SciPost Phys. 8, 040 (2020) ·
published 12 March 2020

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Nonequilibrium physics is a particularly fascinating field of current
research. Generically, driven systems are gradually heated up so that quantum
effects die out. In contrast, we show that a driven central spin model
including controlled dissipation in a highly excited state allows us to distill
quantum coherent states, indicated by a substantial reduction of entropy. The
model is experimentally accessible in quantum dots or molecules with unpaired
electrons. The potential of preparing and manipulating coherent states by
designed driving potentials is pointed out.
SciPost Phys. 4, 001 (2018) ·
published 17 January 2018

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The Heisenberg model for S=1/2 describes the interacting spins of electrons
localized on lattice sites due to strong repulsion. It is the simplest
strongcoupling model in condensed matter physics with widespread
applications. Its relevance has been boosted further by the discovery of curate
hightemperature superconductors. In leading order, their undoped parent
compounds realize the Heisenberg model on squarelattices. Much is known about
the model, but mostly at small wave vectors, i.e., for longrange processes,
where the physics is governed by spin waves (magnons), the Goldstone bosons of
the longrange ordered antiferromagnetic phase. Much less, however, is known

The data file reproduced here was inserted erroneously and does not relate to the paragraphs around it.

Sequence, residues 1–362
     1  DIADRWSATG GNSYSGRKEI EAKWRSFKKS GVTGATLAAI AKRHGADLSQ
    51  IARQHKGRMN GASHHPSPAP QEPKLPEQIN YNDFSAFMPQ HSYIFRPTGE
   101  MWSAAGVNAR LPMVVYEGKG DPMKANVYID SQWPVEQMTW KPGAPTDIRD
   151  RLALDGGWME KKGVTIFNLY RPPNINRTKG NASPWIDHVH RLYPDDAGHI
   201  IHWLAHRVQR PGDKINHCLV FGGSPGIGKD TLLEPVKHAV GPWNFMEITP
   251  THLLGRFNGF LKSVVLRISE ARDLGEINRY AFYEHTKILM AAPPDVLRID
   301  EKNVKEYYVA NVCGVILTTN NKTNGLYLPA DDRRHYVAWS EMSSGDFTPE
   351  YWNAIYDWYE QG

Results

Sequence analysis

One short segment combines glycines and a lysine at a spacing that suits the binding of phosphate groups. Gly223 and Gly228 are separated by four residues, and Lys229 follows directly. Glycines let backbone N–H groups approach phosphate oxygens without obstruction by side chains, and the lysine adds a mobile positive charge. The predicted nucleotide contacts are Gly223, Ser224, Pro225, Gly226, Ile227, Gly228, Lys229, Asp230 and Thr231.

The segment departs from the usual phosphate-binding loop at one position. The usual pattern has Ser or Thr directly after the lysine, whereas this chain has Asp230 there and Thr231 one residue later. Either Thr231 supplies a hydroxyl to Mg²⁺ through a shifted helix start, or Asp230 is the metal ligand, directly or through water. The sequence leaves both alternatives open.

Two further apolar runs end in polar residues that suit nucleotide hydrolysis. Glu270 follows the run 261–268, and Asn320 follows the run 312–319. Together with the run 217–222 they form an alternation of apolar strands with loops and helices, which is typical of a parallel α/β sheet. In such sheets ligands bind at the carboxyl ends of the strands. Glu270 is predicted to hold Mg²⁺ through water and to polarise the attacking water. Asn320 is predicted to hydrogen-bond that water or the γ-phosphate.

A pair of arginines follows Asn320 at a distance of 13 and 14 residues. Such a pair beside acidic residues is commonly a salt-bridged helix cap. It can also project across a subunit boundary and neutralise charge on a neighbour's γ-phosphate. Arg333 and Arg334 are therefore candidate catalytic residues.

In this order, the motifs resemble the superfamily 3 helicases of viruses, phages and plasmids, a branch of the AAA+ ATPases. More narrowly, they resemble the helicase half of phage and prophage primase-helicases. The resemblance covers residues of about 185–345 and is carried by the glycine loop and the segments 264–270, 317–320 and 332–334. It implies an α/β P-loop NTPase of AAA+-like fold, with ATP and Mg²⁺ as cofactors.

for shortrange processes, i.e., at large wave vectors. Yet these processes are
decisive for understanding hightemperature superconductivity. Recent reports
suggest that one has to resort to qualitatively different fractional
excitations, spinons. By contrast, we present a comprehensive picture in terms
of dressed magnons with strong mutual attraction on short length scales. The
resulting spectral signatures agree strikingly with experimental data.
SciPost Phys. 3, 032 (2017) ·
published 29 October 2017

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Topological aspects represent currently a boosting area in condensed matter
physics. Yet there are very few suggestions for technical applications of
topological phenomena. Still, the most important is the calibration of
resistance standards by means of the integer quantum Hall effect. We propose
modifications of samples displaying the integer quantum Hall effect which
render the tunability of the Fermi velocity possible by external control
parameters such as gate voltages. In this way, so far unexplored possibilities
arise to realize devices such as tunable delay lines and interferometers.
Prof. Uhrig: "Dear Referee, thank you for..."
in Report on Quantum Coherence from Commensurate Driving with Laser Pulses and Decay